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The number of layers has absolutely nothing to do with the choices you make in your stylization and artistic sensibility, so don't worry too much about that.

The only factors that contribute to a style or artistic sensibility are:

-Composition/Perspective
-Shapes/Proportions
-Form (Values/lighting)
-Colors
-Edges (hard, firm, soft, lost)
-Surface treatment (brushwork, line quality, textures)

And that's it.

Right now, it seems you haven't even learned the basic of perspective. In many ways, you're trying to do cartwheels before you even learned how to crawl as an artist. Based on your CGPortfolio's About Me page, you do have professional aspirations, and if you still do, I highly suggest you start learning the critical foundations of visual art so you actually stand a chance to become a good artist one day. If you haven't been to the Art T&T section (linked below in my signature) of cgtalk, definitely go there and read all the sticky threads--lots of excellent tips on how to learn and grow effectively as an artist.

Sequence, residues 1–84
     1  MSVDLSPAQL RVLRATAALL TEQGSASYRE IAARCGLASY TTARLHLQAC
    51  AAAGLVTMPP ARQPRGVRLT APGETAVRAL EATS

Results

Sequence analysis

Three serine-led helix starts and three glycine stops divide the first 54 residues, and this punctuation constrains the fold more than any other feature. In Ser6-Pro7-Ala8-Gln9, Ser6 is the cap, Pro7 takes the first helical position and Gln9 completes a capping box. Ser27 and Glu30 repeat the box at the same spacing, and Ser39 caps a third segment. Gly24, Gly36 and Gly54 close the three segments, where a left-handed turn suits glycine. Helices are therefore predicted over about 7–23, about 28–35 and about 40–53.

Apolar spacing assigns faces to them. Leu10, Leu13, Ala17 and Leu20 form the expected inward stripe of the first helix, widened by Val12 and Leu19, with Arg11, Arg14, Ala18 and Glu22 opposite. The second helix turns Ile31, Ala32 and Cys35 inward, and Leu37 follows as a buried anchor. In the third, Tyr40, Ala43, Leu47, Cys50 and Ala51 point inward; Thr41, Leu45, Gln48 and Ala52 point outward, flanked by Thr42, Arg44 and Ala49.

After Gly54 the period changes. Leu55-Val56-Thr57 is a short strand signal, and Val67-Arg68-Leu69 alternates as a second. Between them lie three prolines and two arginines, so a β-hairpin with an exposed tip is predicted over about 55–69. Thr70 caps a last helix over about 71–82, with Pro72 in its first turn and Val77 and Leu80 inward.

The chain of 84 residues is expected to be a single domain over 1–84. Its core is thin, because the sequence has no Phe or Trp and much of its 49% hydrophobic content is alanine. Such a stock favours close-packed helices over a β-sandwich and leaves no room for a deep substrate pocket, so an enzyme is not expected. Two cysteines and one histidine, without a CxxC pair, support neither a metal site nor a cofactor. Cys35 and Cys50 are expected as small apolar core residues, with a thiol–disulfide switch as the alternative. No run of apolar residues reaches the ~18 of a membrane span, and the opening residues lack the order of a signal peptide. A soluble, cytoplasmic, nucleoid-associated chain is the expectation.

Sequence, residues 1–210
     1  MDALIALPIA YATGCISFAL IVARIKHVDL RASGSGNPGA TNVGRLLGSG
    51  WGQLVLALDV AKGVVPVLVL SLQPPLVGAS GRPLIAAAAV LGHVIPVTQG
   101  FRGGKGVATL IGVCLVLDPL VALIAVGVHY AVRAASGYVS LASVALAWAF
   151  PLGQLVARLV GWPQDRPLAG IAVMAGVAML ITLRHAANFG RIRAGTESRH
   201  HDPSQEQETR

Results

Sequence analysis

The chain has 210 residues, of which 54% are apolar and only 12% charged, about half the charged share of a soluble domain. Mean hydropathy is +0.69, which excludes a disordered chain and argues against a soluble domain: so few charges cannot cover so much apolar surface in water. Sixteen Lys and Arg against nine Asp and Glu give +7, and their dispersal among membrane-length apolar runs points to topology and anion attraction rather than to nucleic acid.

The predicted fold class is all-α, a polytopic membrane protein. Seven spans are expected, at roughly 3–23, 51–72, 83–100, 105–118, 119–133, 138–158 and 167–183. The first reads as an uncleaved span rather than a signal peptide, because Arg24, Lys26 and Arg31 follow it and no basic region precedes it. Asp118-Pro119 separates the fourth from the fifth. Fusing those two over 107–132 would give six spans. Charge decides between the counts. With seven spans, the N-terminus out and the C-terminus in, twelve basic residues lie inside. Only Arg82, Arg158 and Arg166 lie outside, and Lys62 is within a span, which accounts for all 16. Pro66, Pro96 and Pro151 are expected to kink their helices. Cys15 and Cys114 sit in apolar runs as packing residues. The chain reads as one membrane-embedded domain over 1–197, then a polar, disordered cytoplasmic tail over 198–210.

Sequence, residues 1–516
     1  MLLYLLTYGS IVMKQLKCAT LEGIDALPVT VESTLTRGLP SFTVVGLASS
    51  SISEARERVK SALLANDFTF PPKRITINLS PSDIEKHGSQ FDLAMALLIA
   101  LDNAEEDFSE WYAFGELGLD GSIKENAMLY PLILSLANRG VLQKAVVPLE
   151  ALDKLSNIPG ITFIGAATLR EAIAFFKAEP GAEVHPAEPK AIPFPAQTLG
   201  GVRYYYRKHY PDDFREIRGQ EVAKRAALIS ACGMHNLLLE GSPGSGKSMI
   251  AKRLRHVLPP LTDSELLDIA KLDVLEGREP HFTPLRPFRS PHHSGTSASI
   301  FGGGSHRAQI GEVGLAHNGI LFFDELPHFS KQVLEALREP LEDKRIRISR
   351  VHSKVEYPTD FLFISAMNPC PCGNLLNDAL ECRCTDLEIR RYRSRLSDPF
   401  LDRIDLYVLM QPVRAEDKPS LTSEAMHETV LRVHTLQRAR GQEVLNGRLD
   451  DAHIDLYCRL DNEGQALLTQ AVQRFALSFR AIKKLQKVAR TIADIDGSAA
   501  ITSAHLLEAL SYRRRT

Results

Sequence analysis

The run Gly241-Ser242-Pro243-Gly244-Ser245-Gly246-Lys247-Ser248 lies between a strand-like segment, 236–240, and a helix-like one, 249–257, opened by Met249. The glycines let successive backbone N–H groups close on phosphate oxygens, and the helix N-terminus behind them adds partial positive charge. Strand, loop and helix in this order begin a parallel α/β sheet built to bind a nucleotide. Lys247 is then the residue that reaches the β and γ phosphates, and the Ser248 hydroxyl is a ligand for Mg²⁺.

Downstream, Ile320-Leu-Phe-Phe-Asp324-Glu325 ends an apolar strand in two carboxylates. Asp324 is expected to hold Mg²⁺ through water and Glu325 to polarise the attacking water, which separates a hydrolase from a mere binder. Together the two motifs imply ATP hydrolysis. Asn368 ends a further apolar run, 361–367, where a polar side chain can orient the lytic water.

Old 02-27-2013, 07:39 PM   #11
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Quote:
Originally Posted by Lunatique
The number of layers has absolutely nothing to do with the choices you make in your stylization and artistic sensibility, so don't worry too much about that.

The only factors that contribute to a style or artistic sensibility are:

-Composition/Perspective
-Shapes/Proportions
-Form (Values/lighting)
-Colors
-Edges (hard, firm, soft, lost)
-Surface treatment (brushwork, line quality, textures)

And that's it.

Right now, it seems you haven't even learned the basic of perspective. In many ways, you're trying to do cartwheels before you even learned how to crawl as an artist. Based on your CGPortfolio's About Me page, you do have professional aspirations, and if you still do, I highly suggest you start learning the critical foundations of visual art so you actually stand a chance to become a good artist one day. If you haven't been to the Art T&T section (linked below in my signature) of cgtalk, definitely go there and read all the sticky threads--lots of excellent tips on how to learn and grow effectively as an artist.

Ok, I'll have a look. Thank you.
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Old 02-27-2013, 07:39 PM   #12